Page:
11) Zúme Course Rolls out in Ninth Language: Telugu

Know anyone who speaks Telugu? It’s the third-most widely-spoken language of the Indian subcontinent (after Hindi and Bengali). It dominates Andhra Pradesh. And now it’s one of nine languages already available for Zúme, the web-driven course and in-life experience that helps you be a disciple worth reproducing. It also helps you learn how to make and multiply other disciples around you and around the world. To see Telugu (and all the other languages available so far), just click to…




then click the drop-down arrow upper right (it probably defaults to English). Choose a language from that list that you recognize. If you don’t recognize any just yet, just hang around for a while. The development team at Zúme will be rolling out 31 others over the next year. And the wild thing is — Zúme is available to you free of charge because of the kindness of lots of donors who believe in the Great Commission.

14) The Last Bit: Special Request of our Canadian Readers – Please Help

Are you a Canadian participant in the whole Brigada experience? If so, could we please ask for your help? We’ve been asked to help coordinate the Canadian launch of a new web-driven training course called Zúme. Zúme is available online at…




You can start any time (i.e., you don’t have to wait until a certain cycle begins to sign up and get started). All you need is 4-12 people in a group and… bam… you too can learn how to become a disciple worth reproducing as well as how you can work within groups to multiply. Those groups will help you establish greater accountability, a deeper prayer life, more disciples, and much, much more. So the Canadian launch of Zúme is coming up April 7th and 8th. I (Doug) would love to learn how we might make this launch a genuinely Canadian experience. So I have to ask of you, Canadians — please, what are the typical things that annoy you about U.S. of Americans? What do we do that really cheeses you off? How can we keep from pride or jingoism? What might prompt you, as a Canadian, to consider implementing Zúme in your own church or group across the entire (giant) nation of Canada? The first piece of advice we received was to read, “Why We Act Like Canadians,” by Pierre Berton. But we want even more. Please click into the comment box of the web version of this item to let us know how we avoid bungling this. And if you’d like to help plan it, you’re invited. Just send us a note at:




Thanks in advance for any help you can give to help us redeem this.

3) Prayer walking as a Tool for Outreach

We had always seen prayer walking as a cool practice to lift up the needs of a new neighborhood. But we had never understood that the practice of prayer-walking could work as an active outreach tool for establishing new fields. But DMM (Disciple making movement) trainings have taught us otherwise. For example, in the Zume online training course, the prayer walking training teaches, “As you walk and pray, be alert for opportunities and listen for promptings by God’s Spirit to pray for individuals and groups you meet along the way. You can say, “We’re praying for this community, is there anything in particular we can pray for you about?” Or say, “I’m praying for this area. Do you know anything in particular we should pray for?” After listening to their response you can ask about their own needs. If they share, pray for them right away. If the Lord leads, you may pray about other needs as well. … In most cases, people are grateful you care enough to pray. If the person is not a Christian, your prayer may open the door to a spiritual conversation and an opportunity to share your story and God’s story. You can invite them to be a part of a Bible study or even host one in their home.” There’s a lot more in Zume, including a five-point outline that feeds you with ideas about WHAT to pray for a person you meet along the way. To learn more about the free 18-hour Zume online training course for groups, visit…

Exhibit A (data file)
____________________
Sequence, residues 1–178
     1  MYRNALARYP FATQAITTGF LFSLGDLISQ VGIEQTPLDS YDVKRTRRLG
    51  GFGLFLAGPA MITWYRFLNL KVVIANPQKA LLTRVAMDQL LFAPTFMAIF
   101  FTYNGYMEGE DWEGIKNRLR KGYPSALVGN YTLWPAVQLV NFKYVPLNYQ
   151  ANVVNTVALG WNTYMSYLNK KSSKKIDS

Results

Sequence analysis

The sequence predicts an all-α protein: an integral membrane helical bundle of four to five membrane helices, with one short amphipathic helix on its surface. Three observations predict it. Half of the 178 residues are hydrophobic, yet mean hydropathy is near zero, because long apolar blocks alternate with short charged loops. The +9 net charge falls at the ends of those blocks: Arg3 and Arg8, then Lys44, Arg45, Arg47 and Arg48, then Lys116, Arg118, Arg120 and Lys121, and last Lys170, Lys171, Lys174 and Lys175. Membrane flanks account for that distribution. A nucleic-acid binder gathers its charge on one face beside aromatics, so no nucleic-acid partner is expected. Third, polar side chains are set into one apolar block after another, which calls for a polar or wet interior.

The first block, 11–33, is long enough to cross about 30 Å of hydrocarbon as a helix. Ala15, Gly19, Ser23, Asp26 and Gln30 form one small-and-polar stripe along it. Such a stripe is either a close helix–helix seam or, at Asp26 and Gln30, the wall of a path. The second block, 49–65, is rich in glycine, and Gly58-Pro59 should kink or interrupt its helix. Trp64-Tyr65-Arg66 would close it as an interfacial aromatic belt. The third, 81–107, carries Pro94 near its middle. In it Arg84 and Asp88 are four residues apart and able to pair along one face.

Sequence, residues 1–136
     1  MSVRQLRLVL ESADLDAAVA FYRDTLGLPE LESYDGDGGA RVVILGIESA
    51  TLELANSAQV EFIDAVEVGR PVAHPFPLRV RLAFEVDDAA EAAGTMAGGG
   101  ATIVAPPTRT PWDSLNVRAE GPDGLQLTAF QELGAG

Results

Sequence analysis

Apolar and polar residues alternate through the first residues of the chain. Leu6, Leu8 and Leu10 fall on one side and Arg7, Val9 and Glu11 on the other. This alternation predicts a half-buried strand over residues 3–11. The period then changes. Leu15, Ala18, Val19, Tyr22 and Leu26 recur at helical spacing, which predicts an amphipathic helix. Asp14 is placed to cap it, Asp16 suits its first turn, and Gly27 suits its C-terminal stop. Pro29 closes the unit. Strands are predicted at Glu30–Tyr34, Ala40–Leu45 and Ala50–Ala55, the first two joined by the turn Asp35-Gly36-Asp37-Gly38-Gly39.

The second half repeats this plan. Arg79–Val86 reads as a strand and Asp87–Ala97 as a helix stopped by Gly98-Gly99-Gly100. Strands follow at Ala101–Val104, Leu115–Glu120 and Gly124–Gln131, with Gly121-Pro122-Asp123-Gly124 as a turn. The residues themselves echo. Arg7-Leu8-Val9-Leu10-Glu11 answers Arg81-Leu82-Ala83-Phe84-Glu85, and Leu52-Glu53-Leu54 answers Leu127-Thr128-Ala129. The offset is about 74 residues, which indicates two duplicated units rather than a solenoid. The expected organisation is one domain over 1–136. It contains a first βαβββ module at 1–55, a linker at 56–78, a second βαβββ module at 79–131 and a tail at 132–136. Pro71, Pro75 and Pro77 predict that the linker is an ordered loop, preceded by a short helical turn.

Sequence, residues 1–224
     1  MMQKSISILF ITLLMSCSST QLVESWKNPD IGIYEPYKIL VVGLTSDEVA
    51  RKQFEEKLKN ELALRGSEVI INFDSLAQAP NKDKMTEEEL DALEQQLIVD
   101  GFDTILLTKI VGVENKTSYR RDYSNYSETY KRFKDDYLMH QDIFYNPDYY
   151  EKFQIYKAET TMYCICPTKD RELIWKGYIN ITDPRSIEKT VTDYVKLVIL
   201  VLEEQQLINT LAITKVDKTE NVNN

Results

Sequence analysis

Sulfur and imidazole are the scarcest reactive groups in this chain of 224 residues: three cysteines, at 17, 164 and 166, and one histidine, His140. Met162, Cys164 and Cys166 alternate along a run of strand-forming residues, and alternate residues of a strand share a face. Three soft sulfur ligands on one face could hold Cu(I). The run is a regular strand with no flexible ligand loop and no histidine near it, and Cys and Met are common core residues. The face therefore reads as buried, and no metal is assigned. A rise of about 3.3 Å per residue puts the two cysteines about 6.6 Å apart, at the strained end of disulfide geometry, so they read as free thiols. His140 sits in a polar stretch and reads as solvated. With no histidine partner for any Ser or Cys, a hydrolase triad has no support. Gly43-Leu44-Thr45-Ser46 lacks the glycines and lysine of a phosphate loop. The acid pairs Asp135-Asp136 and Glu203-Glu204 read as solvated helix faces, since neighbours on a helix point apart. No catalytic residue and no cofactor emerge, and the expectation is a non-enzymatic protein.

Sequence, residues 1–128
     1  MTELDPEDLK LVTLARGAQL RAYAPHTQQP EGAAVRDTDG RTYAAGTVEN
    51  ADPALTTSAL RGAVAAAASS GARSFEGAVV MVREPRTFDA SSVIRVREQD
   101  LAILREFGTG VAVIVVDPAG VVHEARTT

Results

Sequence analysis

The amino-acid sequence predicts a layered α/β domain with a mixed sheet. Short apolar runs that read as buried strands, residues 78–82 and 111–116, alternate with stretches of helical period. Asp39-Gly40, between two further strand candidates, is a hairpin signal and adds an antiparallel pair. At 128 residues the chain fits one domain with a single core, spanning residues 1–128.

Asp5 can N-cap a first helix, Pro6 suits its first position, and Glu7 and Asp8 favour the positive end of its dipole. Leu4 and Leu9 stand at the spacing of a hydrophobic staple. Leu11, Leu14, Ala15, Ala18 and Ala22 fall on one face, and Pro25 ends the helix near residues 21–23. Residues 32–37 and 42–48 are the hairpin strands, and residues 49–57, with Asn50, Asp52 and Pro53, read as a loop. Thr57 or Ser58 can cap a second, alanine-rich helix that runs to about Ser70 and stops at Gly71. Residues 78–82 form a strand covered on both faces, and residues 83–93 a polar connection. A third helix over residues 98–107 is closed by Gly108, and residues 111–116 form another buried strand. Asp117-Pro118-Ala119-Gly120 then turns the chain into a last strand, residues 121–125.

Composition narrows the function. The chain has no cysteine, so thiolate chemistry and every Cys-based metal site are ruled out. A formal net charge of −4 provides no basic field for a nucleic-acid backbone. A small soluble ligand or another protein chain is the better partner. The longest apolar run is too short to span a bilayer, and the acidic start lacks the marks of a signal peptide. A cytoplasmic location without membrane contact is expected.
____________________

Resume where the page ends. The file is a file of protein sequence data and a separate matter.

9) Can’t Wait for Zume’s Foreign Language Editions

If you’ve been following Zume, you’re probably as excited as we are about its potential. See the introductory video and landing page at…


but also see the Frequently asked Questions at…


Frankly, we can’t wait for the foreign language translations to be done. Zume will soon (end of 2018?) be available in 34 languages, including Arabic, Bengali, Bhojpuri, Burmese, Chinese (Mandarin), Chinese (Cantonese), Farsi, French, German, Gujarati, Hausa, Hindi, Indonesian, Italian, Japanese, Kannada, Korean, Maithili, Malayalam, Marathi, Oriya, Panjabi (Eastern), Panjabi (Western), Portuguese, Russian, Spanish, Swahili, Tamil, Telugu, Thai, Turkish, Urdu,
Vietnamese, and Yoruba. I happen to be facilitating the Zume group with the French translator taking part (so she can get the big picture before she starts her work). It’s been so fun watching her catch the vision and see the potential for the 220 to 300 million French speakers worldwide. She’s on fire! Lord willing, she’ll be completely done with the translation by end of March — and the final product will hopefully be done shortly thereafter. If you haven’t gone through Zume yet, … have you been on Mars or something? : )

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